Project Idea and concept

Jay Sehmbey - Tue 3 March 2020, 2:39 am


Different workplaces have a different working environment. It is very important for a company’s Employer to know the frustration level of his employees. A happier and stress-free environment means that the employees will be performing better which will benefit the company. The stress of work at a workplace may sometimes also lead to a drop in work performance, depression and even anxiety.


So, I thought of a device that either takes a punch or takes a high five. This will be in the form of a character like a big cartoon mouse.

The users can either

1) punch in its stomach (which will have a soft cushion with a detector for measuring how hard they punched)


2) give the mouse a high five (a soft area near its hand with detectors as well).

A punch means the user is stressed while a high five means a user is overall happy and is having a good day.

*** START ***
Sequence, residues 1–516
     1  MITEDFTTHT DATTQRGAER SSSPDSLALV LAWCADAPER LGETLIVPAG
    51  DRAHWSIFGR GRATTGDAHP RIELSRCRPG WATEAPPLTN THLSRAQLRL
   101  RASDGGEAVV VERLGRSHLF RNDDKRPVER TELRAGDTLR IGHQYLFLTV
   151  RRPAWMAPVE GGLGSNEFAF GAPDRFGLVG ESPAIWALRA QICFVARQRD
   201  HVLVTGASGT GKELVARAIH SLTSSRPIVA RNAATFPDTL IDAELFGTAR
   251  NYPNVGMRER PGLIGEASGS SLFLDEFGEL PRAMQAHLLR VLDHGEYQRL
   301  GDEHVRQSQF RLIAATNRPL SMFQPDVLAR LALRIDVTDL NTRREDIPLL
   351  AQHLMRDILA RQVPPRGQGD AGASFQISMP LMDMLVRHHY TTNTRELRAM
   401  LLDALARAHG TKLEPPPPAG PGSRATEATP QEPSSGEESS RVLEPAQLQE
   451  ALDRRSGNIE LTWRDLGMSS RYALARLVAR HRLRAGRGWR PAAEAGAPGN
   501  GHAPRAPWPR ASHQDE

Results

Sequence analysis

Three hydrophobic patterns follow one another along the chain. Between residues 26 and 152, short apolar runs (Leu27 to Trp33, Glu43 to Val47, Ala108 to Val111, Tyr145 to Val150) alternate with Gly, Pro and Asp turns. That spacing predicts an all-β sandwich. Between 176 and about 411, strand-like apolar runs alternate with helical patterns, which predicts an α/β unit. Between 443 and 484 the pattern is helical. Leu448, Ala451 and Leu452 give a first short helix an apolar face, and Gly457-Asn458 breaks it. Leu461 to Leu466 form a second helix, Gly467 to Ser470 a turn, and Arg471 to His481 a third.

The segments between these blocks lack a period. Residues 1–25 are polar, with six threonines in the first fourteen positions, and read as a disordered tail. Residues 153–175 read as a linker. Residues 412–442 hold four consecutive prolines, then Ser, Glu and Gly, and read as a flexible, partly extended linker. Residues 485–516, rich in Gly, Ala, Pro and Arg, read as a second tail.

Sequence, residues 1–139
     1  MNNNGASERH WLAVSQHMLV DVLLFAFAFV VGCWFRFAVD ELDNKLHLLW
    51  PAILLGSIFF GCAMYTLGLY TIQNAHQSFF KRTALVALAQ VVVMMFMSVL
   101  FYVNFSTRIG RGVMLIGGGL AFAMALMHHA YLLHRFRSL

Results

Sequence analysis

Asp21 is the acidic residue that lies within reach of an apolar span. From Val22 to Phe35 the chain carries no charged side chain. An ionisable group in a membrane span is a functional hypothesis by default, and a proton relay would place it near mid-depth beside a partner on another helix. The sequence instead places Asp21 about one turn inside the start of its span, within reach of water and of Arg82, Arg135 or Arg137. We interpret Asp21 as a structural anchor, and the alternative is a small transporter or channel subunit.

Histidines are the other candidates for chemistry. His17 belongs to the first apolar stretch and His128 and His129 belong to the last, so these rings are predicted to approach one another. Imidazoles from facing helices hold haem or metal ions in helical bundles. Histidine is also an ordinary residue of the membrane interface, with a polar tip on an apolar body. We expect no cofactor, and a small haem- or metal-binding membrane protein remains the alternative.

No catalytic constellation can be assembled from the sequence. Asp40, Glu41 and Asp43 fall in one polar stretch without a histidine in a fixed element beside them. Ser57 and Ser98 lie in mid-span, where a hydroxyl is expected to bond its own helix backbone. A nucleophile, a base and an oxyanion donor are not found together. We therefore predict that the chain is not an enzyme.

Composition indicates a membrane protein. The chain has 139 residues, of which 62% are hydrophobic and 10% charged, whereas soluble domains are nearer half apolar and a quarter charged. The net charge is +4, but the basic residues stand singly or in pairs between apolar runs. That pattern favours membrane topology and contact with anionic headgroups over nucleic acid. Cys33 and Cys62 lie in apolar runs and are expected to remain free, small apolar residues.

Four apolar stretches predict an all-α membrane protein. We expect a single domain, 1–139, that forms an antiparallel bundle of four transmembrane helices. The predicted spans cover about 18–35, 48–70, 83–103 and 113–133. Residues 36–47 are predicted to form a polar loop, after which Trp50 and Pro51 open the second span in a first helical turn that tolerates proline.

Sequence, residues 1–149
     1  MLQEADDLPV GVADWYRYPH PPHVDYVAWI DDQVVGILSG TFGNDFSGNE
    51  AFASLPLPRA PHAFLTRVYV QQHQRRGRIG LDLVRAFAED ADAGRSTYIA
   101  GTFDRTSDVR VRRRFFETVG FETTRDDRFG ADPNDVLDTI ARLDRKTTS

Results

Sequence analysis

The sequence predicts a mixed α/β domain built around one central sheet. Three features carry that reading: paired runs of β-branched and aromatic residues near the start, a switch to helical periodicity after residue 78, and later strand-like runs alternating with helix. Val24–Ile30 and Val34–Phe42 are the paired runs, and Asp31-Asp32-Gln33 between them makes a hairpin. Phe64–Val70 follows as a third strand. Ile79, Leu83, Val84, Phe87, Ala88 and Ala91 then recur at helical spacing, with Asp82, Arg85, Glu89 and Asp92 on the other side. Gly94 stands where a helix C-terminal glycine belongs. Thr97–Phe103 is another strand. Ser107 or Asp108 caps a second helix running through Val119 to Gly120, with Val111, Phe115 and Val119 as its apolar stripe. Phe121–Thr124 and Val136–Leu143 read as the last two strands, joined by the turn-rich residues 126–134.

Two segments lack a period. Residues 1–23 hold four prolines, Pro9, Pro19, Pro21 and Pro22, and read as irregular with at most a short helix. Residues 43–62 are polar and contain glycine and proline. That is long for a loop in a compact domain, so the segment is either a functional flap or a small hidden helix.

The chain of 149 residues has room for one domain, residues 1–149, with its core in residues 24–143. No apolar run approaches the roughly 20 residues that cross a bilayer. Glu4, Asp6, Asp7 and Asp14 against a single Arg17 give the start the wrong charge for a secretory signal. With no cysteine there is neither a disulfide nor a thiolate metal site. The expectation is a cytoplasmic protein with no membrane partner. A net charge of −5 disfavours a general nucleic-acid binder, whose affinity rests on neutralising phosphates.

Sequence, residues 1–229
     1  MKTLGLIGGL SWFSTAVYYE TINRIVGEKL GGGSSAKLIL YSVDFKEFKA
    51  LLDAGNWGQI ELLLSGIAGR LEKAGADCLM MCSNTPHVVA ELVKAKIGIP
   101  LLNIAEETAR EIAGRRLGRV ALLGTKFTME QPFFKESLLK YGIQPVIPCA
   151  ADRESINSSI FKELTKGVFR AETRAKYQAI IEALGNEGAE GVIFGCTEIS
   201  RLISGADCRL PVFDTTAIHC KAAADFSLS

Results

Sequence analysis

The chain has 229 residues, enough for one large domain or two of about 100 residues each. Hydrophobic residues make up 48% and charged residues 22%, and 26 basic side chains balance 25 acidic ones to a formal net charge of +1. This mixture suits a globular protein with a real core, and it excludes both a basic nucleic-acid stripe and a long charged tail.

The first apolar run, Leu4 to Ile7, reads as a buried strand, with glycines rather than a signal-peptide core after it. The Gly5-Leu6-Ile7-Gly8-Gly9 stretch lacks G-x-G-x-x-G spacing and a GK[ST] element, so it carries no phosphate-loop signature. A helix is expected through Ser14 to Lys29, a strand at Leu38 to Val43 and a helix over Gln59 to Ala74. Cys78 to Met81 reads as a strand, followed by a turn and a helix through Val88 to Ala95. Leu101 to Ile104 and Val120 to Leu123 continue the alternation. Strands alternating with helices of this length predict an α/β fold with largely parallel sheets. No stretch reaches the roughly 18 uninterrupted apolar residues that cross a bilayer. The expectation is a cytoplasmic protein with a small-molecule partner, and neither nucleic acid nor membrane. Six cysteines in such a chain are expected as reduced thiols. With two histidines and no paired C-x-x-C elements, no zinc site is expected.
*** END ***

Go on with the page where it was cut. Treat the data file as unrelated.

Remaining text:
The Employers will then receive weekly data of recorded punches and high fives which will further tell them if they need to bring changes to their work environment. The data will be collected by the detectors, depending on how hard they high five or punch.

Furthermore, if a user punches the mouse, it will prompt a response from the mouse that will tell the user to do a breathing exercise that will help them relax.

This concept is in motive to decrease the overall work-related stress and make the workplace a happy, stress-free environment.


(open image in a new tab for a bigger view)


I got my idea from talking to a friend about his workplace and the offices' stress environment. He shared his experience with me about how many of his colleagues were stressed out for work but would not say so. I hence started working upon this idea.


Reynolds, C. J. (n.d.). The Sensing and Measurement of Frustration with Computers. 92.

Services, D. of H. & H. (n.d.). Work-related stress. Retrieved March 2, 2020, from

The Power of The High Five. (2017, October 5). Maki Performance Training.

work office stress frustration mental-health